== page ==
[Newbies] Re: Binary file I/O performance problems

David Finlayson dfinlayson at usgs.gov
Fri Sep 5 21:49:29 UTC 2008

Unfortunately, the data is not a simple block of floats. For example,
in C here is how I read a "ping" header block from one of our vendors

/* read_xyza_ping: read ping block, returns 1 if successful, EOF if
 * end of file  */
int read_xyza_ping(FILE *fin, XYZA_Ping *pp) {
    int8_t byte[4];

    fread(&pp->linename, sizeof(int8_t), MAX_LINENAME_LEN, fin);
    fread(&pp->pingnum, sizeof(uint32_t), 1, fin);
    fread(&byte, sizeof(int8_t), 4, fin);
    fread(&pp->time, sizeof(double), 1, fin);
    fread(&pp->notxers, sizeof(int32_t), 1, fin);
    fread(&byte, sizeof(int8_t), 4, fin);
    read_posn(fin, &pp->posn);
    fread(&pp->roll, sizeof(double), 1, fin);
    fread(&pp->pitch, sizeof(double), 1, fin);
    fread(&pp->heading, sizeof(double), 1, fin);
    fread(&pp->height, sizeof(double), 1, fin);
    fread(&pp->tide, sizeof(double), 1, fin);
    fread(&pp->sos, sizeof(double), 1, fin);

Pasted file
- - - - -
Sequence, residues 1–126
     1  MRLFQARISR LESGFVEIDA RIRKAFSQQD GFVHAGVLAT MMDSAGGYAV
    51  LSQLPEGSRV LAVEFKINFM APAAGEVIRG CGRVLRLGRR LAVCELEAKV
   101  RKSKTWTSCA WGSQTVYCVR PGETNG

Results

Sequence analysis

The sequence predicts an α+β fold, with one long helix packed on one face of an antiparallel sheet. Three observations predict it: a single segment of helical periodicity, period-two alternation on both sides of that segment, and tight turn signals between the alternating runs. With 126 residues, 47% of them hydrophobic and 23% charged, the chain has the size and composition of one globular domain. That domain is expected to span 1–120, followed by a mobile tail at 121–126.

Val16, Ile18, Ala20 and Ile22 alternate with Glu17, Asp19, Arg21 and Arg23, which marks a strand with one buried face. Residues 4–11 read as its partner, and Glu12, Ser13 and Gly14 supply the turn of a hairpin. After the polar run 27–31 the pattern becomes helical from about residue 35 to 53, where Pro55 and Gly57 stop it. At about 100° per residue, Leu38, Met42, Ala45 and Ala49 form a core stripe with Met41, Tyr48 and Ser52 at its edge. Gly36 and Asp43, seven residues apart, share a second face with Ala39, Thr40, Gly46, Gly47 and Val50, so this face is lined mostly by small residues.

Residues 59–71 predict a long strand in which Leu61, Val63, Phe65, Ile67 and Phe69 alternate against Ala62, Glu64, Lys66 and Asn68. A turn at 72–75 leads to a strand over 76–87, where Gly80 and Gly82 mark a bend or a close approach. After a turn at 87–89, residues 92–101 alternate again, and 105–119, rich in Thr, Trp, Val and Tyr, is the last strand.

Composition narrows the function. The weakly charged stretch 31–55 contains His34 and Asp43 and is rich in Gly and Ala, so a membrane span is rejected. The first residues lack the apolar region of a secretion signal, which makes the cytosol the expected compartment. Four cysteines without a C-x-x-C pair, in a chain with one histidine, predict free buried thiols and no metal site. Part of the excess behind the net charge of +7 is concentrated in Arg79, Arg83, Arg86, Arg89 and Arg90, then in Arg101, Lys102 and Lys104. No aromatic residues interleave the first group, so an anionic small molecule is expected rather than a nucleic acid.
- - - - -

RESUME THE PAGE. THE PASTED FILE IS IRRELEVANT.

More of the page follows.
if (ferror(fin) != 0) {
        perror("sxpfile: error: (read_xyza_ping)");

    // time between 1995 - 2020?
    assert(788936400 < pp->time && pp->time < 1577865600);
    assert(0 < pp->notxers && pp->notxers <= MAX_TXERS);
    assert(-90.0 < pp->roll && pp->roll < 90.0);
    assert(-90.0 < pp->pitch && pp->pitch < 90.0);
    assert(0.0 <= pp->heading && pp->heading <= 360.0);

    // heave values
    assert(-10.0 < pp->height && pp->height < 10.0);
    assert(-100 < pp->tide && pp->tide < 100.0);

    // speed of sound reasonable? (freshwater too)
    assert(1000 <= pp->sos && pp->sos < 1600);

    return feof(fin) ? EOF : 1;

Note how there are various sized integers and floating point numbers
mixed together along with padding space put into the file during the
write (the original engineer must have just used fwrite on the

The notxers variable above indicates the number of XYZA_Txer structs
to follow, each XYZA_Txer struct indicates the number of XYZA_Point
structs to follow and so on until the entire structure is read into
memory. Then you start over again and read the next ping.

It is painful, but I don't know how to read any other way except to
read them in one structure at a time.

David Finlayson, Ph.D.
Operational Geologist

U.S. Geological Survey
Pacific Science Center
400 Natural Bridges Drive
Santa Cruz, CA 95060, USA

Tel: 831-427-4757, Fax: 831-427-4748, E-mail: dfinlayson at usgs.gov

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